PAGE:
Boeheim pours in 30, No. 11 seed Orange rout Aztecs 78-62

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INDIANAPOLIS — The decades-old zone defense of Syracuse coach Jim Boeheim claimed another frustrated victim Friday night.

One of the best 3-point shooting teams in the country, too.

The No. 11 seed Orange held sixth-seeded San Diego State without a field goal for nearly a quarter of the game, sweet-shooting Buddy Boeheim hit seven 3-pointers and finished with 30 points, and Syracuse cruised to a 78-62 victory inside Hinkle Fieldhouse and into the second round of the NCAA Tournament.

Boeheim finished 7 of 10 from beyond the arc and 11 of 15 from the field. Marek Dolezaj added 11 points as Syracuse (17-9) advanced to play third-seeded West Virginia, an 84-67 winner over No. 14 seed Morehead State, for a spot in the Sweet 16.

“We want to keep going, keep building off this,” the younger Boeheim said. “We know there’s still a long road ahead of us. It’s a great feeling. We have a day tomorrow to get a practice in and we’re right back Sunday.”

The Orange were trailing 18-14 midway through the first half when they clamped down on defense, holding San Diego State (23-5) without a field goal the rest of the half. And when the Aztecs threatened to trim their deficit to less than 10 early in the second half, the son of the longtime Syracuse coach was there to provide an answer.

Boeheim hit three quick 3-pointers, one of them curling off a screen and falling away, to put the game out of reach.

“Buddy just had one of those games like he’s been having lately,” Jim Boeheim said. “I never had one of those so I don’t know how it feels, but it looks like the basket is wide and he just made some great shots.”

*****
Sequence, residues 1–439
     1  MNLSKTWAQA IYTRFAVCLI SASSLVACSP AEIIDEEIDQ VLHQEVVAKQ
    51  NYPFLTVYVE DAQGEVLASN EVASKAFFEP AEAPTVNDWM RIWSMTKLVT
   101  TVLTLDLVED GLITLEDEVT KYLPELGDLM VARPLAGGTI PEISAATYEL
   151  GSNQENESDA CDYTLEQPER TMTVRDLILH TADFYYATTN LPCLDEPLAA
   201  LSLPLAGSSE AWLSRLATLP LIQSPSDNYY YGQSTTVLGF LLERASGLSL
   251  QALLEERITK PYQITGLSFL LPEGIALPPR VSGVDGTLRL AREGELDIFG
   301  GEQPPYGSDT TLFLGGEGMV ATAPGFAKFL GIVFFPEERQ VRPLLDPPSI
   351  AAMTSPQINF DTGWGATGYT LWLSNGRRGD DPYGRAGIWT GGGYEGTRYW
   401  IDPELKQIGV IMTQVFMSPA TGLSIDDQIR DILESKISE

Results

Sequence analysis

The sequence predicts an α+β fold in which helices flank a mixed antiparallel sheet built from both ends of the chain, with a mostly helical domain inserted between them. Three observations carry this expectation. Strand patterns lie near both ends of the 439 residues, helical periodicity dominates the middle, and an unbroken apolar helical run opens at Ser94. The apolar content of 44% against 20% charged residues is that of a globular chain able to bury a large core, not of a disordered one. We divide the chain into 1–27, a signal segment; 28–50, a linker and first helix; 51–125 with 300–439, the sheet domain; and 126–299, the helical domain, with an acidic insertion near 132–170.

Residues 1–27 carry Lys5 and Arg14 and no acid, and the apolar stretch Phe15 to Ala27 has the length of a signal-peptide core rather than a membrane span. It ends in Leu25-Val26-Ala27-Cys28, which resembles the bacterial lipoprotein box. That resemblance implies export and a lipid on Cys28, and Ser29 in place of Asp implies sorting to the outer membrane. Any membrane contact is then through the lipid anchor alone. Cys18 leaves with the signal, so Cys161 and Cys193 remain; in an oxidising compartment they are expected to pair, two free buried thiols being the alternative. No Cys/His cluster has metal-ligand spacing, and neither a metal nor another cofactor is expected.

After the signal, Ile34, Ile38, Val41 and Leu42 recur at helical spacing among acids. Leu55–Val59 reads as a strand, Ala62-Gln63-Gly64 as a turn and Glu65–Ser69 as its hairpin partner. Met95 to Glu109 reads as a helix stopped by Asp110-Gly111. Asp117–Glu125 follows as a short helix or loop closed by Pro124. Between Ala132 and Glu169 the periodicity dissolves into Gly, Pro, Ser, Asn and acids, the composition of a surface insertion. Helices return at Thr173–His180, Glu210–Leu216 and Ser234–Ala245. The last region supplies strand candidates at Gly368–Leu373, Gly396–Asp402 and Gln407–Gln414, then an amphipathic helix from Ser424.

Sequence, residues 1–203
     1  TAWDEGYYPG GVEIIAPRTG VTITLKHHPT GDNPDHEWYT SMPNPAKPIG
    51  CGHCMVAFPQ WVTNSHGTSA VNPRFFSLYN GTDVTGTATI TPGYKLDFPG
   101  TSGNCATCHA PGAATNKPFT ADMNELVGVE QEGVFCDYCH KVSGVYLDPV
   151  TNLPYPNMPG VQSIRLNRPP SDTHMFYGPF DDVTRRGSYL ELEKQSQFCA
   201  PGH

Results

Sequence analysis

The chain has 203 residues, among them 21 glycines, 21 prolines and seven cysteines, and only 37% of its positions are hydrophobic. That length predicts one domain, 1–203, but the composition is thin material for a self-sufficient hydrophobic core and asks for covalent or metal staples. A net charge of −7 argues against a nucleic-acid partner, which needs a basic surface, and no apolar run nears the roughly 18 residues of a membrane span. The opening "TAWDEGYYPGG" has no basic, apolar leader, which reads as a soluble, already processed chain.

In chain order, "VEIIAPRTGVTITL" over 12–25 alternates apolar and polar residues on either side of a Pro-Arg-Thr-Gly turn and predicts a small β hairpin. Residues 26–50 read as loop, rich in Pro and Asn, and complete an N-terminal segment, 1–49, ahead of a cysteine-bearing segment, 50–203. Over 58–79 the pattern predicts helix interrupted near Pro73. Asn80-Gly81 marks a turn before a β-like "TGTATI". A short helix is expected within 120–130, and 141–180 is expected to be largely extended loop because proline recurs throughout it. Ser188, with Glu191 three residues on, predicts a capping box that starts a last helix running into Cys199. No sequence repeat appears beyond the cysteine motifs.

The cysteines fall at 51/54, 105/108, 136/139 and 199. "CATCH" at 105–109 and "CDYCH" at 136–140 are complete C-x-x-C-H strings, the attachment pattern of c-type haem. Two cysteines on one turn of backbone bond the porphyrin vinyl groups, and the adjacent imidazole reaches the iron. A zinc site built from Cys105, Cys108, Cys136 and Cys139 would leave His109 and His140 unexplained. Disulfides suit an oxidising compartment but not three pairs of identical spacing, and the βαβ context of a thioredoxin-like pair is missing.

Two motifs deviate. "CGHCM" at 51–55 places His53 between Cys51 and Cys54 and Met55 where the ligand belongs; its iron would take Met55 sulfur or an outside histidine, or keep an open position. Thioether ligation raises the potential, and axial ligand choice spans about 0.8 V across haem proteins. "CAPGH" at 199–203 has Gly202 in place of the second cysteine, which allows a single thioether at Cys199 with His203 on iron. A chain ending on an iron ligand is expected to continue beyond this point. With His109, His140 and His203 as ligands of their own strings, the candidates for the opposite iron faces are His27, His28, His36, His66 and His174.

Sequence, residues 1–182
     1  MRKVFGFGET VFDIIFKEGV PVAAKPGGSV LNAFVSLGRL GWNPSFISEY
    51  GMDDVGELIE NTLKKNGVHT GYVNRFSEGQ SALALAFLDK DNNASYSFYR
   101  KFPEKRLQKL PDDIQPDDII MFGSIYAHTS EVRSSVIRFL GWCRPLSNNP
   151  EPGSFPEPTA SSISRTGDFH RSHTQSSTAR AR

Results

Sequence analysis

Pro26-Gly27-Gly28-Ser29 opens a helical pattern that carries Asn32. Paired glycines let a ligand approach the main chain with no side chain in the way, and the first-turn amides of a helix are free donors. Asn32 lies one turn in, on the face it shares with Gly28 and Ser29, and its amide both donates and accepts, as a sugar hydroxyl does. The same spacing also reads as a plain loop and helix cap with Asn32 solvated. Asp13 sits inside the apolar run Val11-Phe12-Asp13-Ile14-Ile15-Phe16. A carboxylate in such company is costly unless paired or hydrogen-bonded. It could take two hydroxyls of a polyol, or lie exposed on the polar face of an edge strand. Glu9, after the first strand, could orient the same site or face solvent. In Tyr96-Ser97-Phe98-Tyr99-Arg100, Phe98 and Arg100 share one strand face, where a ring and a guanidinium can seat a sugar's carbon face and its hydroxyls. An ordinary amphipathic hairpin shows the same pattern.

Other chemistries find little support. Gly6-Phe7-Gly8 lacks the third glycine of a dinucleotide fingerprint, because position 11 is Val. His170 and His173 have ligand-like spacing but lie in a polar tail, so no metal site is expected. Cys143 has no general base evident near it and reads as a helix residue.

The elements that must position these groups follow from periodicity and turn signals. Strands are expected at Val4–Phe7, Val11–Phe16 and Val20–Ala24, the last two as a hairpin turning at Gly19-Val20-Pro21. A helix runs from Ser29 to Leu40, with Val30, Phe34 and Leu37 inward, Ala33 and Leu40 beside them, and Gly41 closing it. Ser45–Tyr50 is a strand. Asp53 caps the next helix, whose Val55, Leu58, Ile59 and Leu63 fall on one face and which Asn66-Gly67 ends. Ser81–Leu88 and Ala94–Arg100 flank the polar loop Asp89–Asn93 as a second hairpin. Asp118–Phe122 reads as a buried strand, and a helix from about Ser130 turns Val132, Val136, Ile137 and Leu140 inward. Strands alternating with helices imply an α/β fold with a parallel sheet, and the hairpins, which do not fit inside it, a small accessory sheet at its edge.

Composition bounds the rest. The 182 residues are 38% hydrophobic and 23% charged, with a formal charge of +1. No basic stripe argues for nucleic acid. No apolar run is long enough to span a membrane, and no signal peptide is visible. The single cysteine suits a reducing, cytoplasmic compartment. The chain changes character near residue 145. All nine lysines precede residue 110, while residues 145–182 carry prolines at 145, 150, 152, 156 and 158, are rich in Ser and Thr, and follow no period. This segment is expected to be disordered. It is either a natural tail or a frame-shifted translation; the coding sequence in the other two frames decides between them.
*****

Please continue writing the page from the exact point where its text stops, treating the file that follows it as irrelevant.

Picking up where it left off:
Jordan Schakel had 17 points for the Aztecs, but the nation’s third-best 3-point shooter was just 5 of 13 from beyond the arc. Leading scorer Matt Mitchell also had 17 points on 8-of-19 shooting for the Mountain West champs.

“We had a lot of great memories over the years. This is not how we wanted to end it,” said Schakel, choking up a bit. “In a couple days, I’ll be able to look back and be grateful. But right now, this one doesn’t feel good.”

San Diego State made it clear from the moment it jacked up three 3-pointers on its first couple trips down the floor that the plan was to break Syracuse’s decades-old 2-3 zone by shooting right over top of it.

Problem is the Aztecs didn’t make many.

Beginning with Boeheim’s own 3-pointer with 9:17 left, the Aztecs never scored again in the first half. They missed their final 10 attempts from beyond the arc, finished 3 of 20 from the 3-point line in the first half, and even missed the front end of a one-and-one with a few seconds left before the break.

“Obviously we knew we needed to make 3s in order to compete in this game,” Aztecs coach Brian Dutcher said. “When you’re missing them, the defense starts shrinking in. It gets harder to drive.”

“Buddy Buckets” nearly outscored San Diego State by himself. Boeheim had 16 points as Syracuse built a 32-18 halftime lead; it was the fewest points Dutcher’s high-scoring, perimeter-oriented team had scored in a half all season.

Mitchell, the Mountain West player of the year, missed all five of his 3-point tries and was 1 of 9 from the field.

Schakel finally got a 3-pointer to go right out of halftime, giving the few San Diego State fans in the crowd a long-awaited reason to cheer. But the Aztecs promptly went into another long slump, and Boeheim and the rest of the Orange’s red-hot shooters continued to bury their own 3s, building a 56-30 lead before coasting to the finish.

“They played well. Offensively, obviously, we struggled to shoot the ball,” Dutcher said. “Their zone was very good. Coach Boeheim has had the success he’s had because he plays it better than anyone.”

BIG PICTURE

Syracuse kept its late-season momentum going Friday night. The Orange had won three of their last four games, beating North Carolina and Clemson, and took Virginia to the wire in a buzzer-beating loss in the ACC Tournament.

San Diego State hoped to make a deep run after its loaded 30-2 team last season missed out on a chance to play in the tournament. But the Aztecs looked nothing like the team that brought a 14-game win streak to Indianapolis, winning them by an average margin of 18.4 points, failing to break the Syracuse zone and wilting on the defensive end.